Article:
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The Badger Herald

Independent Student Newspaper Since 1969

The Badger Herald

Independent Student Newspaper Since 1969

The Badger Herald


Religious affiliates debate faith’s role in social justice

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Religion?s role in social justice was debated and questioned
by University of Wisconsin students and local faith representatives at a panel
discussion Monday evening.

Representatives from St. Paul?s University Catholic Center,
the Muslim Students? Association and UW Hillel presented each religion?s stance
concerning social justice.


According to Joel Bennett, director of engagement for UW
Hillel, the Jewish perspective of social justice asserts the importance of
giving back to the community, although ultimately the actual reason for giving
is inconsequential.

?It is wonderful if you are giving for the right reasons,?
Bennett said. ?But at the end of the day it does not matter why you are doing
it, as long as you are doing it.?

?This problem needs to be taken up by all people who want to
fight for a more just society,? said Connie Nielson, representative for St.
Paul?s University Catholic Center. ?It is not just for Catholics, Muslims or
Jews to do on their own. It is a task that everyone has to do.?

Maha Hilal, graduate student and representative for the
Muslim Students? Association, explained the Islamic take on social justice in
the community.

?Islam not only encourages believers to work towards social justice,
but it also demands it of them,? Hilal said. ?Social justice is to be sought
for any cause and for any reason. It is an obligation.?

As the representatives portrayed the Islamic, Catholic and
Jewish outlooks of social justice, UW students spoke out as well.

?I think there is a big difference between social justice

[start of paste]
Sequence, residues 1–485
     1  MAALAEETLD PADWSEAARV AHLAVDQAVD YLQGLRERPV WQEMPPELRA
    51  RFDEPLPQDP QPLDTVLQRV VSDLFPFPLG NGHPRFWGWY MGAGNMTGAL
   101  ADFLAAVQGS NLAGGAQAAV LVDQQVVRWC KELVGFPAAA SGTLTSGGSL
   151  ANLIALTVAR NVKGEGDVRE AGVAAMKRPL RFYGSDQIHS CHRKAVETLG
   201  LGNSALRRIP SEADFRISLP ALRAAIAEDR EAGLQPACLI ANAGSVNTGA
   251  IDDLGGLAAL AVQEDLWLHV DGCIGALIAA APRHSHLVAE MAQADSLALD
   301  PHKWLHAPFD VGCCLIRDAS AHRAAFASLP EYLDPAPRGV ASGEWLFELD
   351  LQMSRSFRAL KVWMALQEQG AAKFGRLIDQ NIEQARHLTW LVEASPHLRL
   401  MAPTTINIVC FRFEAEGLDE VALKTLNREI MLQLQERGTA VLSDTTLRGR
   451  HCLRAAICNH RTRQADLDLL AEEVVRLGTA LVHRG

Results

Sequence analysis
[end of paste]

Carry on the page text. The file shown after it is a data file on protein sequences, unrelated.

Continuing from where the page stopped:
and faith,? said Brad Frias, intern for St. Paul?s University Catholic Center.
?You do not need faith to be a person like Bill Gates, but if people are
faithful they are going to say, ?Yes, faith can add to social justice, and here
is why.??

Paula Tran, another UW student, said she is concerned
younger people are becoming less involved with community activity ? an issue
the panel did not address.

?I think especially now with our generation, we are seeing a
lot of apathy towards issue of social justice,? Tran said. ?But there is a
reason for why young people are becoming less and less involved in social
justice, and they did not say much about that.?

Students also said it is important to note that any donation
is important, no matter how large or how small.

?I think a lot of young people are getting the notion you
have to have a lot to give back,? said Courtney Nelson, a UW student. ?That is
definitely not true. You don?t need a $100 check to donate.?

Ultimately, the group presented ways to foster social
justice activism in the community by starting small, getting people on a more
personal level and asking people to different prayer services, said Allison
Vogel, member of the Leadership Through Social Justice Committee.

?The biggest things you can do is get angry, watch the news,
walk around campus with your eyes open, notice things and then do something
about it,? said Bennett. ?Part of being a leader is creating that change. Go
out and turn that conversation into action.?

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